Github makes it wondrous services free to open-source developers. That is, if you are willing to let anyone see your code — or data — then you don’t have to pay. However, if you want to keep your code and date private, then you have to pay.

The most important person at github is *not* their CEO. It is their Director of Security. The most important decision the CEO has made in the last few years is who to entrust with that position, for if they screw up then the company is doomed.

Each and evey day Github is just one very major security blunder from Chapter 11, and you can be sure they know it.

Github doesn’t do ads. It relies on the money paid for private repositories. Github’s long term success requires that large corporations are willing to entrust github with their code.

This is why it came as no surprise when I read yesterday about Dropbox dropping its storage box on its foot: Dropbox Gets a Black Eye in Spam Attack.

Imagine you are the CEO of Github. What is your absolutely worst nightmare, the thing that makes it hard to go to sleep some nights?

The Github’s CEO worst nightmare is that they will wake up in the morning, shuffle to the front door, pick up the latest copy of the WSJ, only to learn that someone cracked github’s security, and then posted *all* the code for the next release of OS X, or Google’s Android, or IBM’s Websphere, or all of the above to the open web.

I’m not too worried about this. Just search on ‘github security’ and see what steps Github takes. Moreover, VC’s have just sent $100MM or so to Github. Unless they are exceptionally stupid, one would hope they had someone at the level of Bruce Schneier vet Github”s security. [3]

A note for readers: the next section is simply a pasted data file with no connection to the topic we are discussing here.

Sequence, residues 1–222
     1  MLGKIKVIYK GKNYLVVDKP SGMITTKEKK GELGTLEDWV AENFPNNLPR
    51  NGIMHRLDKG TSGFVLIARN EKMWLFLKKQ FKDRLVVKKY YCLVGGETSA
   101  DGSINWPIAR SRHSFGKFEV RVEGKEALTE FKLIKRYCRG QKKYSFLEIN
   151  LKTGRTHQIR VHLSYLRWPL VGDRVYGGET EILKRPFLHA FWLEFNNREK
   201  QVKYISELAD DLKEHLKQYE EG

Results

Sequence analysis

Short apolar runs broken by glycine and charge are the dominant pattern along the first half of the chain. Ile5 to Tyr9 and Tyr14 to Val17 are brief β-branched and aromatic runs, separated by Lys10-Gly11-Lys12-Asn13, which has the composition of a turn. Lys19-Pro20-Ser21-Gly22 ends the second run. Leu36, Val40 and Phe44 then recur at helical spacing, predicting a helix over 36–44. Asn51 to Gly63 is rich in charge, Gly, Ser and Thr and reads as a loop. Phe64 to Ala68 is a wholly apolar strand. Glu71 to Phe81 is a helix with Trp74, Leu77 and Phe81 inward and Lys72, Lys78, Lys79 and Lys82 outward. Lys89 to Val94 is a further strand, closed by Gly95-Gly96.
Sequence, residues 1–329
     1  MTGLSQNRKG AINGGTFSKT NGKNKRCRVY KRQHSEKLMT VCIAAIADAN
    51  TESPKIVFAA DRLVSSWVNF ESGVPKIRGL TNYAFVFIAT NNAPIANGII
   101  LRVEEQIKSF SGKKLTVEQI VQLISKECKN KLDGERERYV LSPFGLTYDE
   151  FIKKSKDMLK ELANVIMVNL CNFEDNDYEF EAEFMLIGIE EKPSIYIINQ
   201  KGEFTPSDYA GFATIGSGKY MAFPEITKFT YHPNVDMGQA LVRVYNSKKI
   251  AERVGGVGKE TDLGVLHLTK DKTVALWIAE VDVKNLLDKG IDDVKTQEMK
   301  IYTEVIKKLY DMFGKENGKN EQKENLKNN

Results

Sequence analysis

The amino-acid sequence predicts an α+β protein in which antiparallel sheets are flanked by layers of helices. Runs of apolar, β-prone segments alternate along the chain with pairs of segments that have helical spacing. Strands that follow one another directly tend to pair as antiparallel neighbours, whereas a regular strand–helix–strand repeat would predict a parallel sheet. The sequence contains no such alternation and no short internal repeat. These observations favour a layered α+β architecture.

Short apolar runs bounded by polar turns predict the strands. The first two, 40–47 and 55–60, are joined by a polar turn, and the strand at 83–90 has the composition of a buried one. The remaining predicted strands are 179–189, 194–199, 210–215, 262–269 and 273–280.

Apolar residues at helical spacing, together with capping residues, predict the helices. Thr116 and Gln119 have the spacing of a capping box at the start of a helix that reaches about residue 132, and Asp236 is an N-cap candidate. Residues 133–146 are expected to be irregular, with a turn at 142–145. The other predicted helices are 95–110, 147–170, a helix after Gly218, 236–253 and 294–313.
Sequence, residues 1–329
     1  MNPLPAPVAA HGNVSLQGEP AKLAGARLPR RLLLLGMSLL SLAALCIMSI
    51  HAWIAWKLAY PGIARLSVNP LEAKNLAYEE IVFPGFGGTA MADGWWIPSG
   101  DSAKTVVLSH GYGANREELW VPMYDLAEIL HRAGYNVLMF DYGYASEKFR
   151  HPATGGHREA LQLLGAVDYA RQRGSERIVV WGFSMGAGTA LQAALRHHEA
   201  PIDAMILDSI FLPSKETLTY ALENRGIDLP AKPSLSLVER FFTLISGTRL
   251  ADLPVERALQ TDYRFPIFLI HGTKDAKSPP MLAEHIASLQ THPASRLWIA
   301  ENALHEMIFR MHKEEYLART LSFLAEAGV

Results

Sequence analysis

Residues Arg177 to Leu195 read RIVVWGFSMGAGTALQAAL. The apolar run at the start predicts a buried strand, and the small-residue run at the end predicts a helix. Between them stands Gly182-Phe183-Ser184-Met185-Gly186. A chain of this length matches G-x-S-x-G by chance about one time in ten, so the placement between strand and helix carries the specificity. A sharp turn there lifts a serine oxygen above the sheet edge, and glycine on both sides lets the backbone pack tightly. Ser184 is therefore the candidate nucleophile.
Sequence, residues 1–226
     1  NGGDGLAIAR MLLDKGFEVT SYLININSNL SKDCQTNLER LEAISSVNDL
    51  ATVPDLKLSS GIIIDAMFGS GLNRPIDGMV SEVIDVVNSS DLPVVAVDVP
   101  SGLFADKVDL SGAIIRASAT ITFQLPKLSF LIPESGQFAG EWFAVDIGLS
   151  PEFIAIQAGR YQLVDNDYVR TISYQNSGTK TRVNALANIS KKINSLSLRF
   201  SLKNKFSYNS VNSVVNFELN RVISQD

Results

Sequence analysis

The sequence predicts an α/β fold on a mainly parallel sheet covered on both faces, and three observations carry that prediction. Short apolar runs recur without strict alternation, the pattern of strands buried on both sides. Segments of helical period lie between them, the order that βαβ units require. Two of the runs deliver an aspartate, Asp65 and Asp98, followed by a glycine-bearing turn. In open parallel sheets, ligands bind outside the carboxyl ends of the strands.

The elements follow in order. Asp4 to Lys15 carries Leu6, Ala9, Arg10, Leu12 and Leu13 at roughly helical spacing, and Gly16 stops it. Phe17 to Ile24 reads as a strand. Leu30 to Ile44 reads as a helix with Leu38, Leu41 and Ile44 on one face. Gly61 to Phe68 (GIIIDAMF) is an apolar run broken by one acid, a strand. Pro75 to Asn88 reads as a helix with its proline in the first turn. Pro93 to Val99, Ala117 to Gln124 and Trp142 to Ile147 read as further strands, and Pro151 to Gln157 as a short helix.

For over a decade, when people ask about Linux, I have said that I am confident that my grandchildren will be using it, even though they may not know it. Linux will live forever, as best as I can tell. Perhaps not on the desktop, but certainly in embedded devices. Indeed, I expect that eventually almost all smartphones will run Linux, as the emerging third-world countries such as India and China have both the skills to develop their own software, and the incentive to avoid the Apple Tax — in the form of expensive hardware — that has driven the iPhone’s success to date.

I also fully expect github to remain the central hub for open-source code. They are very good at what they do, and unless they are idiots, there is no reason that they should not enjoy great success for the forseeable future.

Notes:

1. Rsync is the work of Andrew “Tridge” Tridgell. It is a remarkable piece of software, and the subject of Tridge’s PhD thesis. Weighing in at 100+ pages, it is very well-written. Most of it is accessible to anyone who survived the first year of undergraduate calculus without vowing never again to engage in mathematics.

Tridge is also the original author of Samba.

These accomplishments alone place him, in my view, among the very best active programmers in the world, alongside Linus Torvalds and Patrice Bellard.

(I have had the good fortune to know — and work with — three true world-class programmers: John Cocke, Jack Schwartz, and Robert B. K. Dewar.)

2, Yes, programmers can love software, but real love should be reserved for cutie-pie’s, not open-source licenses.

3.. Why hasn’t Github yet hired Bruce? It’s the obvious move. Give him oodles of boodle, and let him do whatever he wants.

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2 Comments

  1. Posted August 3, 2012 at 15:35 | Permalink | Reply

    The other nice thing about git, independent of github, is that it’s easy to back up your repo to another location (say, DVD or whatever). Again, targz up your “repo” (in your case, your L or W directories), make sure you capture the .git directories as well. Now you have a copy of the source AND the full repo.

  2. Posted August 7, 2012 at 18:56 | Permalink | Reply

    Dropbox supports versioning also. It’s saved my bacon a few times! So does SpiderOak, which is also pretty great.